Kreativity Diversity Troupe, a multi-genre performance group, held their final show of the semester called “The Ties That Bond” at The Clarice Smith Performing Arts Center  Dec. 8.

The show consisted of 12 acts written, directed, designed and performed by members of the troupe.

Whitney Geohagan, director of public relations for the troupe, said audience members can expect moments of laughter, tears and true art.

“Although the group is sponsored by the School of Theatre, Dance and Performance Studies, we are quite diverse with members that come from different schools of study as well,” she said. “The group gives undergraduates the opportunity to express themselves in any artistic form they see fit.”

April Monu, a sophomore theatre and English double major, talked about the rewards of being a member of the group.

“Collaborating with the diverse members is probably the most rewarding for me because I was able to open myself to other perspectives and directions that I never imagined taking,” she said.

Her contributions to the show tied with the efforts of fellow sophomore theatre major, Montana Monardes.

They performed in an act titled “Third Date” and created a short film titled “#party.”

“I was in Montana’s and April’s ‘#party,’ which was a lot of fun to do and be a part of,” Geohagan said.

In addition to writing the script, filming and editing “#party,” Monardes also casted non-theatre majors in the film.

“This gave them a chance to experience working on something new and different,” Monardes said. “Overall the film turned out really well.”

Although he is not a professional dancer, Monardes took the chance at a new experience by performing in a dance piece at the show.

Audience member Jamal Desier said he was captivated by one dance in particular performed by senior theatre major Heather Gibson.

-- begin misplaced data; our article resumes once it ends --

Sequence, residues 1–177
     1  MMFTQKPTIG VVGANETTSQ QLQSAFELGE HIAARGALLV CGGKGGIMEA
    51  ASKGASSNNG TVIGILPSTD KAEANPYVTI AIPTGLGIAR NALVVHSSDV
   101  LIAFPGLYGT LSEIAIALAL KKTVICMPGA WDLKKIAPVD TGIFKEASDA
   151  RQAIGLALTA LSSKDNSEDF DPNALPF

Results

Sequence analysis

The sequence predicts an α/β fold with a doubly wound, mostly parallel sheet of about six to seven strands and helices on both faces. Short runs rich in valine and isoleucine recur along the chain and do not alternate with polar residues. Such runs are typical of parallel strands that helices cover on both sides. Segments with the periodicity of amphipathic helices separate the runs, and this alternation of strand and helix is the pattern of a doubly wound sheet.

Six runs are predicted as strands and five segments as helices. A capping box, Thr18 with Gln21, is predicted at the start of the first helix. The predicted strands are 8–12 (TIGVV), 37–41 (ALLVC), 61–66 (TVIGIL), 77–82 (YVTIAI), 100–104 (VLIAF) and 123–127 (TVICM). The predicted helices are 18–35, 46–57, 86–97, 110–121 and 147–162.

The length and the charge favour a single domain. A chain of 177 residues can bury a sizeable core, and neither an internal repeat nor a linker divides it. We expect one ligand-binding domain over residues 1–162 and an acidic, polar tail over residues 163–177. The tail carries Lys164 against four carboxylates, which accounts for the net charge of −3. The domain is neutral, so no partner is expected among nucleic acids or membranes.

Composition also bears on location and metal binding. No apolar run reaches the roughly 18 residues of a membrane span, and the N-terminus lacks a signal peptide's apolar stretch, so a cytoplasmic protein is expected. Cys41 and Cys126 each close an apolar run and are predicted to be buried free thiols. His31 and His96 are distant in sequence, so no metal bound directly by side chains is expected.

“I really liked the liturgical dance that Heather performed,” Desier said. “The way she moved through the poetry and how she was able to interpret the song into her movements was powerful.”

The acts Gibson performed in were “Walk to Work,” “The Real” and “Mirror”.

“I appreciate the collaborations that were made during the process of making the show,” she said.“What I love about the group is the beautiful minds and creations that come together in one room.”

In addition to public relations, Geohagan wrote, sang and performed in several acts.

“I was a part of writing the act called ‘Real,’ the scene about the portrayal of stories in the media,” she said.  “Hannah Correlli and I wrote ‘I’ve Known,’ a song about the connection between two people who love each other.

“My favorite act of the show was the song I sang with Hannah because we really wrote the lyrics together and it was so much fun to do,” she said.

Avery Collins, associate artistic director for Kreativity Diversity Troupe, performed in the act called “Konnected We Are.”

“With the help of our director David Egbufoama, we were able to work together and implement our bit of creativity to the act,” he said. “Kreativity Diversity Troupe allows members to exercise their potential to make performance-ready art.”

In addition to holding two open mic events and a final show at the end of each fall and spring semester, the group is also involved in charity events at this university.

“Cliche as it may sound, what I love the most about being a member of the Kreativity Diversity Troupe is the creativity,” Monu said. “We write, produce and direct all of our work. Everything the audience sees us perform is original.”

Featured Photo Credit: Courtesy of the Kreativity Diversity Troupe.

Jennifer Pham is a junior multiplatform journalism major and may be reached at

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